Mammals first evolved at about the same time as dinosaurs, and their story is perhaps the more fascinating of the two – in part because it is also our own story. In this literate and entertaining book, eminent naturalist David Rains Wallace brings the saga of ancient mammals to a general audience for the first time. Using artist Rudolph Zallinger’s majestic The Age of Mammals mural at the Peabody Museum as a frame for his narrative, Wallace deftly moves over varied terrain – drawing from history, science, evolutionary theory, and art history – to present a lively account of fossil discoveries and an overview of what those discoveries have revealed about early mammals and their evolution. In these pages we encounter towering mammoths, tiny horses, giant-clawed ground sloths, whales with legs, uintatheres, zhelestids, and other exotic extinct creatures as well as the scientists who discovered and wondered about their remains. We meet such memorable figures as Georges Cuvier, Richard Owen, Edward D. Cope, George Gaylord Simpson, and Stephen Jay Gould and learn of their heated disputes, from Cuvier’s and Owen’s fights with early evolutionists to present controversies over the Late Cretaceous mass extinction. Wallace’s own lifelong interest in evolution is reflected in the book’s evocative and engaging style and in the personal experiences he expertly weaves into the tale, providing an altogether expansive perspective on what Darwin described as the ‘grandeur’ of evolution.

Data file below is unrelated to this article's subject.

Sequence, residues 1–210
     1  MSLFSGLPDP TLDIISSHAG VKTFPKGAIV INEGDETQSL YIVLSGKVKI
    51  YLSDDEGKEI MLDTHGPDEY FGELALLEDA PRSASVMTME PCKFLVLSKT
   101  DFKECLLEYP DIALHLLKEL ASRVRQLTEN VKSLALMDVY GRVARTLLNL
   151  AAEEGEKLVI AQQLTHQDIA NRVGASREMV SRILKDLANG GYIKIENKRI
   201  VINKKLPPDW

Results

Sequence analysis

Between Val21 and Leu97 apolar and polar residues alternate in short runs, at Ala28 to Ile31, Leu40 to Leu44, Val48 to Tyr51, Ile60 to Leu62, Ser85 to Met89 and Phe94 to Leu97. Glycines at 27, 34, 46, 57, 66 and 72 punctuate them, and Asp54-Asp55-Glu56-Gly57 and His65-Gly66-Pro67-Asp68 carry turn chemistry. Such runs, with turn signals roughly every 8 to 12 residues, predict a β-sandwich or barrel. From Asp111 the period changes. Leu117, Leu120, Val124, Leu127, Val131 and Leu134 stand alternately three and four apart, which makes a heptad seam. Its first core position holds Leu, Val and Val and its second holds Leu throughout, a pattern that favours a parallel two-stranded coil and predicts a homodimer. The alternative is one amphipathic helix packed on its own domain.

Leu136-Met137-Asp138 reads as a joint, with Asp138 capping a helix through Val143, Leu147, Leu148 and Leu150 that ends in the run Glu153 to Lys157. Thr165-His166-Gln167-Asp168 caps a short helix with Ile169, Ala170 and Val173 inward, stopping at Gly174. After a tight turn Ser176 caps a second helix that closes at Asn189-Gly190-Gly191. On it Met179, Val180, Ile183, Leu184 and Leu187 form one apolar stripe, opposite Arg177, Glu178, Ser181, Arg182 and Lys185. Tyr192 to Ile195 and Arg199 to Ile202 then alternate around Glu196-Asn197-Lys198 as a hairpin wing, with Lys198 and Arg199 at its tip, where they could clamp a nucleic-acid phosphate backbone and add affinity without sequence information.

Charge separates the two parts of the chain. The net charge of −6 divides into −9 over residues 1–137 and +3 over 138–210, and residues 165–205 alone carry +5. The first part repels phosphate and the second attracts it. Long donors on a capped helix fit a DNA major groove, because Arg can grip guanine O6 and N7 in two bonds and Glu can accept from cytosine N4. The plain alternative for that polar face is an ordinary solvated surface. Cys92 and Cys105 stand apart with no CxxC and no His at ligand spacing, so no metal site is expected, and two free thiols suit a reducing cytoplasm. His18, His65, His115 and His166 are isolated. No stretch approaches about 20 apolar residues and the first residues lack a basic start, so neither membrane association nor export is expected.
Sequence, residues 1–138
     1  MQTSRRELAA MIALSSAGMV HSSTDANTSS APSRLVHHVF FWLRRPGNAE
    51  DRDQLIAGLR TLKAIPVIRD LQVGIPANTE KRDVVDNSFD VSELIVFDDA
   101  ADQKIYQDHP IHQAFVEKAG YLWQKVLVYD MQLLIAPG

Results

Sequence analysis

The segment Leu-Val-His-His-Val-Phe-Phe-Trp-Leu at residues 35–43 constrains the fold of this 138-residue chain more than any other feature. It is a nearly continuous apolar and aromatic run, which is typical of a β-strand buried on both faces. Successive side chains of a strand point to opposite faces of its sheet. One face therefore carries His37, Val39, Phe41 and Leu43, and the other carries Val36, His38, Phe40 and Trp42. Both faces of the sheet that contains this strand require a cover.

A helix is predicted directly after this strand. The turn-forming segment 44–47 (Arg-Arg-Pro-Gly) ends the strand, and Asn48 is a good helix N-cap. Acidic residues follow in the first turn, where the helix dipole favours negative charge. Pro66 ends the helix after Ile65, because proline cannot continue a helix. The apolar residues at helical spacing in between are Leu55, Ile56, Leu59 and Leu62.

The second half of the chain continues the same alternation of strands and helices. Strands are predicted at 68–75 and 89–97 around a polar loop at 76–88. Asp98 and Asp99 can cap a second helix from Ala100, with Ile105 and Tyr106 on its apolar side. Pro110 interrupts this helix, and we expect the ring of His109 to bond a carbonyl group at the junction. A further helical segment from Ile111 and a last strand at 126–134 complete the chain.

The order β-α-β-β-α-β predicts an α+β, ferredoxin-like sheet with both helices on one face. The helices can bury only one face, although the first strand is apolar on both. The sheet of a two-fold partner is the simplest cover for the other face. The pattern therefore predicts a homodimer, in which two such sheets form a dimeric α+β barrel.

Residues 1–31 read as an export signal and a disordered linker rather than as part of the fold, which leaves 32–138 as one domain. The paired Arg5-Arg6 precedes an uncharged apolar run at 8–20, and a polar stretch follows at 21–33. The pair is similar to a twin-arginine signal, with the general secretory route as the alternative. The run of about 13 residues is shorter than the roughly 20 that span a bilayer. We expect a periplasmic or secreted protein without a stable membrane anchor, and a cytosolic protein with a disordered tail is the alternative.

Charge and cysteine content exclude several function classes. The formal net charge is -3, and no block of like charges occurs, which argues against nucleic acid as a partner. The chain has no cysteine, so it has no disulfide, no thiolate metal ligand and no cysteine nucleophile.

"A thoroughly researched, richly detailed and lively book on the 'bone hunters,' who traversed the badlands of the world searching for the fossils of mammals and on the vituperative intellectual battles that some of these paleontologists waged with one another. And as these stories unfold, one becomes familiar with the primary ideas and events in the rise of modern evolutionary thinking." * New York Times Book Review * "[Wallace's] fine study deftly weaves together history and science to reveal the origins of our current scientific understanding. . . . Wallace meticulously traces the story of humankind's attempts to interpret the evidence of fossils. . . . It's a complex story but he succeeds in bringing alive a bizarre pantheon of prehistoric mammals." * Guardian * "[Zallinger's] mural serves perfectly as the organizing motif for David Rains Wallace's fascinating new book . . . which tells the story of mammal evolution and discovery. . . . Wallace traces the study of mammals from the earliest finds to the latest research, making his story come to life with details of discoveries as recent as 2003. . . . Well-written and engaging." * Seattle Times * "Wallace has talked to most of the experts in the field and brings everything alive and bang up to date by quoting their ideas and arguments. Cleverly, he uses illustrations from Rudolph Zallinger's famous Peabody Museum murals of 'The Age of Reptiles' and 'The Age of Mammals' to show how ideas about mammal evolution have changed over recent decades. . . . Wallace does an excellent job of enlivening a complex tale, full of the jaw-breaking names of our extinct mammal relatives." * New Scientist * "As we understand it, evolution is a magnificent -- but unfinished -- symphony. Let . . . Wallace conduct it for you." * Los Angeles Times Book Review * "If a picture is worth a thousand words, then this excellent work proves that a mural is worth 300 pages. Wallace uses the often overlooked [The] Age of Mammals mural at Yale's Peabody Museum as the theme around which he builds the story of the evolution of scientific thought on mammalian evolution. . . . Paleontology buffs will not be the only ones entranced. . . . [A] charming story, skillfully told." * Publishers Weekly * "Wallace brings together the best theories here to tell the story of mammalian discovery and evolution. Vivid reports of fossil finds bring some long-gone creatures back to life and aid the author in explaining how the evolutionary process has shaped the mammalian class." * Science News * "[An] engaging, award-winning exploration of the evolution of mammals." * Toronto Globe & Mail * "Brings the story of ancient mammals to a general audience, drawing from history, science, evolutionary theory and art history to present a lively account of fossil discoveries." * Dallas Morning News * "Wallace argues that it is mammals-not the flashier dinosaurs-that have led the way to a greater understanding of evolution in general. . . . A nice stroll through the amazing array of unusual species that have populated Earth and reminds us that natural selection runs a close race with chance." * Library Journal * "Opens a wondrous window on paleontology's investigations of the origins of mammals." * Booklist * "Intrigued by the Yale Peabody Museum's giant Age of Mammals mural since the age of 10, naturalist and author David Rains Wallace has brought the mural to life in a new book about the history of mammal evolution. . . . As interesting as the paleontological descriptions is Wallace's discussion of the people involved in mammalian studies over the years, intertwining the science with personal and professional disagreements among major players in the field. Not a light book, it is interesting in its outlook: using art to describe a scientific endeavor." * Geotimes * "This compelling book examines the lives of the scientists whose indefatigable labor in the field and the laboratory gave rise to modern theories of evolution. . . . This is an eloquently written and thought-provoking book that only adds to the author's considerable reputation as a master of the genre." * Bloomsbury Review * "Ties together in an interesting way many of the old chestnuts of vertebrate paleontological lore. . . . Wallace has skillfully woven his tale around the Zallinger art . . . his literary use of the Zallinger frescos succeeds in drawing us into deep time." * Trends in Ecology & Evolution * "Charming. . . . A fine survey." * Maui News *